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Research Data Management

Documenting research

By capturing and documenting useful, accurate and relevant facts around your data, it can be made more useful to your future self and others. It can add valuable context and depth to your data and act as a reminder to yourself of what you did. Later on, if you choose to publish your data, good documentation of data will improve the visibility and value of your research to others. These will all contribute significantly to the Findability and Reusability of your data.

When considering what to document, there is no universal approach - each research project will examine something new; each discipline will have things that are considered useful or critical. But despite differences from field to field, there is one general thing to remember about documenting and describing your data:

Maximise documentation - Your own research problem will guide what data you collect. However, by capturing other information at the same time, your data can become exponentially more useful to future researchers. It may be that the context where you are making your observations will never exist again! It may also be that something you capture unexpectedly becomes critical to your own research later on. You'll need to balance your available time and resources with the possibilities, but if you can easily capture something that could inform future research, you should do so.

The following is a non-exhaustive list of elements to consider describing and documenting as you collect your data. You should think through each section and consider if that element is relevant to your research data, or if it could be useful to future researchers.
















 A name of the dataset or the name of the project.


 Names and contact details of the organisations or people who created the data.


 Unique and persistent identifiers used to

  • Identify the project: RAiD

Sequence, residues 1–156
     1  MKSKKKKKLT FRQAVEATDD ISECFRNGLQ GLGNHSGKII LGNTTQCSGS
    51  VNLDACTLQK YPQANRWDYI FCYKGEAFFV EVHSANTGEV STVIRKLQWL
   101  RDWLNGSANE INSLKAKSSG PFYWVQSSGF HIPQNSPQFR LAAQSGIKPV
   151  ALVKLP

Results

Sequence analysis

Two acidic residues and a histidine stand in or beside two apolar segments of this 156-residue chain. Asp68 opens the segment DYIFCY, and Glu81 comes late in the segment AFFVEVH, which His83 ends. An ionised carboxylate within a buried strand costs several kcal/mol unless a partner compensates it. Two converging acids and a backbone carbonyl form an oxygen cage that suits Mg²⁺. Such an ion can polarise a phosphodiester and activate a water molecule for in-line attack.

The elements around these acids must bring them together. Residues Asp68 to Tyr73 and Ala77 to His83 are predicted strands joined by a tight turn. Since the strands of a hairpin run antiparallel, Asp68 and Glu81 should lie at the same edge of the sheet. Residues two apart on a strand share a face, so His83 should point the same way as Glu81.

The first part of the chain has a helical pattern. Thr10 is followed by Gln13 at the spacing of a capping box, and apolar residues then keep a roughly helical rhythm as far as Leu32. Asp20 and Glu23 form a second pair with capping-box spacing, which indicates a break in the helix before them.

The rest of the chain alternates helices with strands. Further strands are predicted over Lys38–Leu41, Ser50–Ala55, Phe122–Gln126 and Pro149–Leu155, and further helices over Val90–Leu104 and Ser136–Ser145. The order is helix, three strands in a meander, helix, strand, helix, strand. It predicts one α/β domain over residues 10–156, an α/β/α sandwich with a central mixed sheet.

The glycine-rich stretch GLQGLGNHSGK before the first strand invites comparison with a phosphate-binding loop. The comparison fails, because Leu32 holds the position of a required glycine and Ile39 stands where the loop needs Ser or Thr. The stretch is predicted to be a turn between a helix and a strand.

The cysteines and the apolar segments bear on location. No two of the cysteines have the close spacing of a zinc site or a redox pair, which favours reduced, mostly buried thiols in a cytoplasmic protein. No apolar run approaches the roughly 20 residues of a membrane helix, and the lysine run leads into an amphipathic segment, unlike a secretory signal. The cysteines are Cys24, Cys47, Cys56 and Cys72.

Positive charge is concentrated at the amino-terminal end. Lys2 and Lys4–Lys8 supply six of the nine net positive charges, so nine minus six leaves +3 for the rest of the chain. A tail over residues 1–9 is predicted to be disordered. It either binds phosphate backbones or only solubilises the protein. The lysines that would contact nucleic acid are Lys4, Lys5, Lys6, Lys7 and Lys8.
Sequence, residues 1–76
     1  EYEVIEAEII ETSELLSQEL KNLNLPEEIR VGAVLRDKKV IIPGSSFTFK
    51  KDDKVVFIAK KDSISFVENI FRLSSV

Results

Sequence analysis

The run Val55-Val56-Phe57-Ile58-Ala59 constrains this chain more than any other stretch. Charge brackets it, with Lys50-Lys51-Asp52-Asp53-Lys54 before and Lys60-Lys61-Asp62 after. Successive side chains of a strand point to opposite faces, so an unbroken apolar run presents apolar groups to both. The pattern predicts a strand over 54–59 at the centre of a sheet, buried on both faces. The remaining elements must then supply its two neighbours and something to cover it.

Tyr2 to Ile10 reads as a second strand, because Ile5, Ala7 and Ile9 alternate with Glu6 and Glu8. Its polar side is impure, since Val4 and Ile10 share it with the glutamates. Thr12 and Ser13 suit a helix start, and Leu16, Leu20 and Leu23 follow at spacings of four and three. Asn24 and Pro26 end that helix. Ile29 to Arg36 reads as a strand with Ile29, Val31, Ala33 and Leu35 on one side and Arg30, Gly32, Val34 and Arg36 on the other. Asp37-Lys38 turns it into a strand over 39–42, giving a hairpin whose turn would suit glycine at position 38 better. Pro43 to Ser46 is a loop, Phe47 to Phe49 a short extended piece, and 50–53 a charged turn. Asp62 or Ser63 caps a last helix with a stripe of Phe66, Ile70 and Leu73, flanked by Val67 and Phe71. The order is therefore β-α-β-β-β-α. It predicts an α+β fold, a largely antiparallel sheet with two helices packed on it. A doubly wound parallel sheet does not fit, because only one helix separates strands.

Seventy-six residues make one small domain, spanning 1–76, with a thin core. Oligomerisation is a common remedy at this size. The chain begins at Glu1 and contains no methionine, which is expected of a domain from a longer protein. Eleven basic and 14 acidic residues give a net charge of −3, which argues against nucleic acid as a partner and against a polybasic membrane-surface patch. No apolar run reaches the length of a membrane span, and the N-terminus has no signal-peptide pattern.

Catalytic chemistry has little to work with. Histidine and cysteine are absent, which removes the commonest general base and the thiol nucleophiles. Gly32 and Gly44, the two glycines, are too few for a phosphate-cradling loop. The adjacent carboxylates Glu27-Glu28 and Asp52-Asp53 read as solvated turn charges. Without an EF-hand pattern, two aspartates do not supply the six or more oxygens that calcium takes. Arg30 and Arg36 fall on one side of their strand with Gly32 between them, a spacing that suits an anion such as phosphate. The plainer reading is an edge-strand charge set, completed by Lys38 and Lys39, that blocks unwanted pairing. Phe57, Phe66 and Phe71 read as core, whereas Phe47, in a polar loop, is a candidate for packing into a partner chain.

• Identify the people: ORCID
  • Identify the data: DOI (digital data), IGSN (material samples)
  • Identify the organisation: ROR


 Any key dates associated with the data. This may including project start and end date, time period or any other important dates associated with the data.


 Information on how the data was generated, such as specific equipment or software used (including model and version numbers), formulae, algorithms or methodologies.

 You might include an electronic lab notebook to aid this element.


 Information on how the data has been transformed, altered or processed (eg. normalisation).


 Citations to any third party data used in the research obtained or derived from other sources. At a minimum it should include the creator, the year, the title of the dataset and some form of access information.




Content description




 Keywords or phrases describing the subject or content of the data. This may also include Field of Research codes and Socio-Economic Objective codes (see the Australian Bureau of Statistics site for both code schedules)


 Descriptions of relevant geographic information. This could be city names, region names, countries or more precise geographic coordinates.

  Variable list

 A list of all variables in the data files, where applicable. This could also be captured in a codebook.

  Code list

 Explanation of codes or abbreviations used in either the file names or the variables in the data files (eg. '999 indicates a missing value in the data')




Technical description

  File inventory

 A list of all the files that make up the dataset, including extensions (eg. photo1023.jpeg’, ‘participant12.pdf’).

  File Formats

 File formats of the data (eg. HTML, PDF, GeoTIFF, JPEG etc).

  File structure

 Organisation of the data file(s) and layout of the variables, where applicable.


 Information on the different versions of the dataset that exist, if relevant.


Names and version numbers of any special-purpose software packages required to use, create, view, or analyse the data.




 Any known intellectual property rights, statutory rights, licenses, or restrictions on use of the data.


 Where and how the data can be accessed.



One way that data documentation commonly appears is in structured descriptions of the data - this is known as metadata. Metadata is often defined literally as "data about data" and refers to the information used to describe the attributes of a resource in a standardised format. Metadata is often collected into one central location, so researchers can search in one place to find datasets that will help their research. By including useful and accurate information in your metadata and data description, other researchers will be more likely to find and reuse your dataset.

Many disciplines actually have their own specific ways of structuring metadata - these specific structures are called schemas. A schema will list what information you'll need to include about your data and how that information should be structured. Below are some examples of various schemas.


  Metadata standard


  Dublin Core (DC)

  Metadata Object Description Schema (MODS)

  Metadata Encoding and Transmission Standard (METS)

  Arts/Creative Work

  Categories for the Description of Works of Art (CDWA)

  Visual Resources Association (VRA Core)

  Cultural heritage   MIDAS-Heritage


  Darwin Core


  Ecological Metadata Language (EML)


  Content Standard for Digital Geospatial Metadata (CSDGM)


  Protocol Data Element Definitions for clinical trials

  Genome Metadata

  Social sciences

  Data Documentation Initiative (DDI)